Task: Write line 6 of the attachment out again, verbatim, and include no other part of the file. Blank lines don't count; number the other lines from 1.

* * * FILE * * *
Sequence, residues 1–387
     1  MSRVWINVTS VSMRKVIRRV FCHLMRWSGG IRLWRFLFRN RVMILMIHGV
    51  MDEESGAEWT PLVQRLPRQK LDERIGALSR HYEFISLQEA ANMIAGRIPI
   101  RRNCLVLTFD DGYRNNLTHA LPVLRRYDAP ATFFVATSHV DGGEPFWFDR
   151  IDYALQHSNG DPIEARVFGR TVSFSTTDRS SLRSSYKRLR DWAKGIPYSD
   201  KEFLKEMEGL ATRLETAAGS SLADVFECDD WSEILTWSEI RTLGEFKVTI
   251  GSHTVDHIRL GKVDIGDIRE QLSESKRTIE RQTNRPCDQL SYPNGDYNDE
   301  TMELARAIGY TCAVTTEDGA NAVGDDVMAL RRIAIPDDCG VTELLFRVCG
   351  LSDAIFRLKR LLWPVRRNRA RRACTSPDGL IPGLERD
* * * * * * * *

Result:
   201  KEFLKEMEGL ATRLETAAGS SLADVFECDD WSEILTWSEI RTLGEFKVTI